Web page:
A Little Known Award

There are a lot of well-known awards for writing, like the Agatha or The Pulitzer Prize. Any writer would love to win those awards, but there are quite a few that are less well-known, but also prestigious. Later this month, The Blood-Red Pencil will have a week about writing awards. Since I don’t usually post during that week, I thought I’d tell you about a friend and great writer, Sylvia Dickey Smith , and the award she won. Or to be more accurate, I’ll let her tell you. Sylvia, in 2011, your book, A War of Her Own , won the Texas Press Women Award, then you went on to Nationals. What was that like? Helen, so glad you asked! And to clarify—I not only went on to nationals but I placed 2nd there—to a Fulbright Scholar and head of the Fulbright Scholar program at her university, and who wrote her book while on a Fulbright-Scholarship-funded sabbatical—that made second place a little sweeter. These were my first state and national awards so I wear them proudly! When I received word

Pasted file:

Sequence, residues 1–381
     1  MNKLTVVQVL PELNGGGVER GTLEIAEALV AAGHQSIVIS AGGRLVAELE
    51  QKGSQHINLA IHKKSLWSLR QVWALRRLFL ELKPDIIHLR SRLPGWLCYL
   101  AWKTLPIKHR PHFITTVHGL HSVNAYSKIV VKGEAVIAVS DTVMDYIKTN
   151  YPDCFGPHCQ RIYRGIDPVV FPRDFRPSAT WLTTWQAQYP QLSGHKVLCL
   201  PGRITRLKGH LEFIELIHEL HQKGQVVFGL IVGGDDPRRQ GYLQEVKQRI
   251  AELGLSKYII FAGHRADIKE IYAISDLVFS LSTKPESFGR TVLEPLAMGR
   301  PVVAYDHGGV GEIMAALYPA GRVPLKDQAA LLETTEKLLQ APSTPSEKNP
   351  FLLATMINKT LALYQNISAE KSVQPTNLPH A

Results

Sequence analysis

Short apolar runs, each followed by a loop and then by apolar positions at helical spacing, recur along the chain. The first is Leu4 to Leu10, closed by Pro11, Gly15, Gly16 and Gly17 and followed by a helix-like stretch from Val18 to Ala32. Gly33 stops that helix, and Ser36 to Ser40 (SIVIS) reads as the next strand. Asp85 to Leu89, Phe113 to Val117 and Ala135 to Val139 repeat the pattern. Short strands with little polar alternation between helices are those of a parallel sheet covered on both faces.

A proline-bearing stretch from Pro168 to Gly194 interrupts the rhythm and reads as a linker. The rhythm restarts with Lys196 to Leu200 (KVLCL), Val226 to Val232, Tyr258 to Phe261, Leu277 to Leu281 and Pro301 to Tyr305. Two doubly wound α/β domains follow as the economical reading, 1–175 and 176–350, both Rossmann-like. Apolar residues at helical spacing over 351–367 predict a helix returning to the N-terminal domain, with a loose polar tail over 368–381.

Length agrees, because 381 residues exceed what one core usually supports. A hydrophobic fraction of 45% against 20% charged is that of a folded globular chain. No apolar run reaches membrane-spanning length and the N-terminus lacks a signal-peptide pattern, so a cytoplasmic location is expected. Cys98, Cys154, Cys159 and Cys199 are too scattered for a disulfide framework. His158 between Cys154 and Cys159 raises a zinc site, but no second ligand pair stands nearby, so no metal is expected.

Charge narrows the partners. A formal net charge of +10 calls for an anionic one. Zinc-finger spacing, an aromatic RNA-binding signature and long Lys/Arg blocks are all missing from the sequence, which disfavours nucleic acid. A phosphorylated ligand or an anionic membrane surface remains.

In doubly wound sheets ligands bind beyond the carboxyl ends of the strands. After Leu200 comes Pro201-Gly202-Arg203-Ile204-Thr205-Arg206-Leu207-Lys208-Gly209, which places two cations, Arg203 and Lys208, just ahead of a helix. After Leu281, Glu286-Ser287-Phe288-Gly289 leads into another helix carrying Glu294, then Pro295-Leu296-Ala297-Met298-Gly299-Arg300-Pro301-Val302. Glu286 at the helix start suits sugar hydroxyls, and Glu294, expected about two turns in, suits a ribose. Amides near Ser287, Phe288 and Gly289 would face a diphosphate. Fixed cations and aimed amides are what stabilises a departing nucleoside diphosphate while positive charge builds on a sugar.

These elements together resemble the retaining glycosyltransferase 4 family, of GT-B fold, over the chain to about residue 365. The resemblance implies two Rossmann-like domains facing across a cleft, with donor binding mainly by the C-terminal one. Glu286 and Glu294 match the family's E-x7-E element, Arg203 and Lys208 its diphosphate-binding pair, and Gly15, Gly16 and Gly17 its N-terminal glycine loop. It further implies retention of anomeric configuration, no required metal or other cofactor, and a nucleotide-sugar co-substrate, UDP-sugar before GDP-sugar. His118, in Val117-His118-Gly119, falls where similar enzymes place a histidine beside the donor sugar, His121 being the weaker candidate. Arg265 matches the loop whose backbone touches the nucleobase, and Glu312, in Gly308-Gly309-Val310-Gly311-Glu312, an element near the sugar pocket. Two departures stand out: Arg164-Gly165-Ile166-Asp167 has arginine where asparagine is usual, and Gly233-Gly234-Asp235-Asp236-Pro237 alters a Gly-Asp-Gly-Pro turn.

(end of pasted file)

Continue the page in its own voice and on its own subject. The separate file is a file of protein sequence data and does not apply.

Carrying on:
10 Self-Motivators for Writers

January is often a time when we wrap ourselves in the Cloak of Determination. If, like me, your cloak has a tendency to slip from your shoulders, I offer you the following motivators to keep on writing: 10. You can have a cookie(s) when you finish for the day. 9. In the midst of the shambles you've already written, which is mocking you from the page, there is one sentence you really like. Focus on it. 8. What would you be doing if you weren't writing? Do you really want to be doing that? 7. Think about how far you've come; not how far you still need to go. 6. Fantasize about what you'd treat yourself to with some of that royalty cheque. Perhaps it's a personal chef to make you cookies. 5. You love your characters. If you can't keep on writing for yourself, keep on writing for them. 4. Having the discipline to keep on writing even when it's tough is what separates the real writers from the wannabees. Do you really want to be a wannabe? 3. Rem